string OrderNumber2 = N2.googleordernumber;
        string AVS = N2.riskinformation.avsresponse;
        string CVN = N2.riskinformation.cvnresponse;
        bool SellerProtection = N2.riskinformation.eligibleforprotection;
      case "order-state-change-notification":
        OrderStateChangeNotification N3 = (OrderStateChangeNotification) EncodeHelper.Deserialize(RequestXml, typeof(OrderStateChangeNotification));
        // The order has changed either financial or fulfillment state in Google's system.
        SerialNumber = N3.serialnumber;
        string OrderNumber3 = N3.googleordernumber;
        string NewFinanceState = N3.newfinancialorderstate.ToString();
        string NewFulfillmentState = N3.newfulfillmentorderstate.ToString();
        string PrevFinanceState = N3.previousfinancialorderstate.ToString();
        string PrevFulfillmentState = N3.previousfulfillmentorderstate.ToString();
      case "charge-amount-notification":
        ChargeAmountNotification N4 = (ChargeAmountNotification) EncodeHelper.Deserialize(RequestXml, typeof(ChargeAmountNotification));
        // Google has successfully charged the customer's credit card.
        SerialNumber = N4.serialnumber;
        string OrderNumber4 = N4.googleordernumber;
        decimal ChargedAmount = N4.latestchargeamount.Value;
      case "refund-amount-notification":
        RefundAmountNotification N5 = (RefundAmountNotification) EncodeHelper.Deserialize(RequestXml, typeof(RefundAmountNotification));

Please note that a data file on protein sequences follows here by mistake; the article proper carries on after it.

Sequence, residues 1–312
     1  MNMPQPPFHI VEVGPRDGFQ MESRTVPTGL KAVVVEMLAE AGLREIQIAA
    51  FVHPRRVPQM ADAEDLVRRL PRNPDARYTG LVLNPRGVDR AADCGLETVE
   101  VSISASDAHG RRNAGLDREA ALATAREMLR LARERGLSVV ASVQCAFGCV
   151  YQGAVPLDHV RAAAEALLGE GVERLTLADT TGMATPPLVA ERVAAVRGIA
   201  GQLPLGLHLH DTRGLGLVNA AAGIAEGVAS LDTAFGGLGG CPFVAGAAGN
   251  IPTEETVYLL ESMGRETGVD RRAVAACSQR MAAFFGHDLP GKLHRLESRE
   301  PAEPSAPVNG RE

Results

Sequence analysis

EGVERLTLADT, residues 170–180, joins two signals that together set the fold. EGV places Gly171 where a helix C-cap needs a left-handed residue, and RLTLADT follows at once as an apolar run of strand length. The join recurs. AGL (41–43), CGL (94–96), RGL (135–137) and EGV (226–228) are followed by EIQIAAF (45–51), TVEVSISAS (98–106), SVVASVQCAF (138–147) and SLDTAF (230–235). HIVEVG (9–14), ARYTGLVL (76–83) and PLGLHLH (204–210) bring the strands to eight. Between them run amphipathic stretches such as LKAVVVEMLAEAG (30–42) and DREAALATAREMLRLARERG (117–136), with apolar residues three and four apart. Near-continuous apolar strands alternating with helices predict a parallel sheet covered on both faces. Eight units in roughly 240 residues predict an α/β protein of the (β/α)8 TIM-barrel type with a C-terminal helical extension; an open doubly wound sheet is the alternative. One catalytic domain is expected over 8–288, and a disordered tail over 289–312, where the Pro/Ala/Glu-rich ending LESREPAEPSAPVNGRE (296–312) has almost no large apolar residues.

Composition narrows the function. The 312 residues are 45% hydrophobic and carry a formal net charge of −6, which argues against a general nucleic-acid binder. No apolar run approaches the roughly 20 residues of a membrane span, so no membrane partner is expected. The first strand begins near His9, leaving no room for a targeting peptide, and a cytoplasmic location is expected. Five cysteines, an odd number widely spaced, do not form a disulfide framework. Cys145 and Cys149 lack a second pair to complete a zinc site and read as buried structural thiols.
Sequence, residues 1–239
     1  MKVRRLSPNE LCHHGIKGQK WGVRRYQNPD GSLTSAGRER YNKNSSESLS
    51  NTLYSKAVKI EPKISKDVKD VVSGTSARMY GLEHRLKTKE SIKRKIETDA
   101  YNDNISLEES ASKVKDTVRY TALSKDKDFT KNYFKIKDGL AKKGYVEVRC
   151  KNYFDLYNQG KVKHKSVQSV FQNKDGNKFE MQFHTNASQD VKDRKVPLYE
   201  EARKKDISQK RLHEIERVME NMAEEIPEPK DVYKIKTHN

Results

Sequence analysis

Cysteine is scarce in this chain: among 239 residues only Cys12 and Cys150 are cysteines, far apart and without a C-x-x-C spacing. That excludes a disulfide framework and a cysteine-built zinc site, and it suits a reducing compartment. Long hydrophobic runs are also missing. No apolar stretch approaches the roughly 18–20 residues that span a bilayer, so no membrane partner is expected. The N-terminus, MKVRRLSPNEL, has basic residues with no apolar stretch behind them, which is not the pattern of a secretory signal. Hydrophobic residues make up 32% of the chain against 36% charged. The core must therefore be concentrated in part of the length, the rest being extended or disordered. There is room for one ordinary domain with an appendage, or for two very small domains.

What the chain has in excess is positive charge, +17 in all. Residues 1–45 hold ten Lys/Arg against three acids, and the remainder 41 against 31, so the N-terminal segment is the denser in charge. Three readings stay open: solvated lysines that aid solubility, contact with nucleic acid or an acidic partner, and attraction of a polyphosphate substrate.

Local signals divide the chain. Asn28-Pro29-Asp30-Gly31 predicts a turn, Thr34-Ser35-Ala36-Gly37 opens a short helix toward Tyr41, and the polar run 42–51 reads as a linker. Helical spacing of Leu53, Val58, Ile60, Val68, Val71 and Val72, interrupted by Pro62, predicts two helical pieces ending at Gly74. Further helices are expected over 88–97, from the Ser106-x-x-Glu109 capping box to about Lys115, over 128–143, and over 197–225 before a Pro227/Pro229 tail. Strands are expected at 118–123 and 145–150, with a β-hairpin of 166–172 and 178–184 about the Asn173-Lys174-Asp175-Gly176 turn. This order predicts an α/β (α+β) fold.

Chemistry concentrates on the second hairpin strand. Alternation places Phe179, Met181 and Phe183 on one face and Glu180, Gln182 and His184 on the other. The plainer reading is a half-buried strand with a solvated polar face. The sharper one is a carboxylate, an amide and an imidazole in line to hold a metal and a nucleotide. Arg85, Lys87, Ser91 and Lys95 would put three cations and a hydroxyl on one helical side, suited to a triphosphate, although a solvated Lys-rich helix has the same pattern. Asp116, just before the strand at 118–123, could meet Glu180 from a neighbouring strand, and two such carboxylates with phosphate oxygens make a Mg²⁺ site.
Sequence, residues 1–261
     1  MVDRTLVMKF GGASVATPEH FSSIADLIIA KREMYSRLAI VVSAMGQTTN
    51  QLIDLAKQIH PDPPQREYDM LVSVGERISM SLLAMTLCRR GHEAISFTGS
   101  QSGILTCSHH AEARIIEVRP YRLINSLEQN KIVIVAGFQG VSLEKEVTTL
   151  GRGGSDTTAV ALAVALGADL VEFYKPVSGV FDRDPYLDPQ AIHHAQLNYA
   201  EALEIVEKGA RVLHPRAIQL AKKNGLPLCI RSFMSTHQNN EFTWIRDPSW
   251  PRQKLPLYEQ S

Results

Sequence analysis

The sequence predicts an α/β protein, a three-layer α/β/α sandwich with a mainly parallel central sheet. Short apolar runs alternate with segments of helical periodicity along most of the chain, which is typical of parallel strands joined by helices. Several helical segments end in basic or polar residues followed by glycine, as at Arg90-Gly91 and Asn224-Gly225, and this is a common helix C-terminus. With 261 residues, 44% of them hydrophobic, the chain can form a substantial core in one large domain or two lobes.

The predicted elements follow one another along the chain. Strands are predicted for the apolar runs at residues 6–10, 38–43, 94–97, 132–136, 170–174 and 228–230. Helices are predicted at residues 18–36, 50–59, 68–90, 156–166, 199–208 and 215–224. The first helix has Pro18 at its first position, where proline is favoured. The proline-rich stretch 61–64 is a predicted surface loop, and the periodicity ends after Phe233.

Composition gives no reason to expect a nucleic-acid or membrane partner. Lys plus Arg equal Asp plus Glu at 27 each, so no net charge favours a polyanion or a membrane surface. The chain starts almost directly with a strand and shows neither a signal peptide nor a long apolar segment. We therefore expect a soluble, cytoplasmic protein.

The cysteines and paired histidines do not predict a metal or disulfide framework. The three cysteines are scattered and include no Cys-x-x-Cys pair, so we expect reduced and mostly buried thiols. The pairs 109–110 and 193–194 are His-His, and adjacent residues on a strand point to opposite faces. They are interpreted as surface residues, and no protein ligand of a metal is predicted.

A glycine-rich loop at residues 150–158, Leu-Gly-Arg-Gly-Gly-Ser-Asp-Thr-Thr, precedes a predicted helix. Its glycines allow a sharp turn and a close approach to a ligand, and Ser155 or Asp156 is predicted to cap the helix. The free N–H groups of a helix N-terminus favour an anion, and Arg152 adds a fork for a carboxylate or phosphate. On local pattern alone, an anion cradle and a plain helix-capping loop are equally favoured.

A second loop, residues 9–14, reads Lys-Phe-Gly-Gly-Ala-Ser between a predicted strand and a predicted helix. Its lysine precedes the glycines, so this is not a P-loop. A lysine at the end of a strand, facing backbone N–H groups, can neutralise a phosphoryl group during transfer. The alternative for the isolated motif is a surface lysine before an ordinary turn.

// Google has successfully refunded the customer's credit card.
        SerialNumber = N5.serialnumber;
        string OrderNumber5 = N5.googleordernumber;
        decimal RefundedAmount = N5.latestrefundamount.Value;
      case "chargeback-amount-notification":
        ChargebackAmountNotification N6 = (ChargebackAmountNotification) EncodeHelper.Deserialize(RequestXml, typeof(ChargebackAmountNotification));
        // A customer initiated a chargeback with his credit card company to get her money back.
        SerialNumber = N6.serialnumber;
        string OrderNumber6 = N6.googleordernumber;
        decimal ChargebackAmount = N6.latestchargebackamount.Value;
    // Edit: Additional case statement for "authorization-amount-notification"
      case "authorization-amount-notification":
        AuthorizationAmountNotification N7 = (AuthorizationAmountNotification)EncodeHelper.Deserialize(RequestXml, typeof(AuthorizationAmountNotification));
        // Information about a successful reauthorization for an order
        SerialNumber = N7.serialnumber;
        string OrderNumber7 = N7.googleordernumber;
<notification-acknowledgment xmlns="" serial-number="<%=SerialNumber %>" />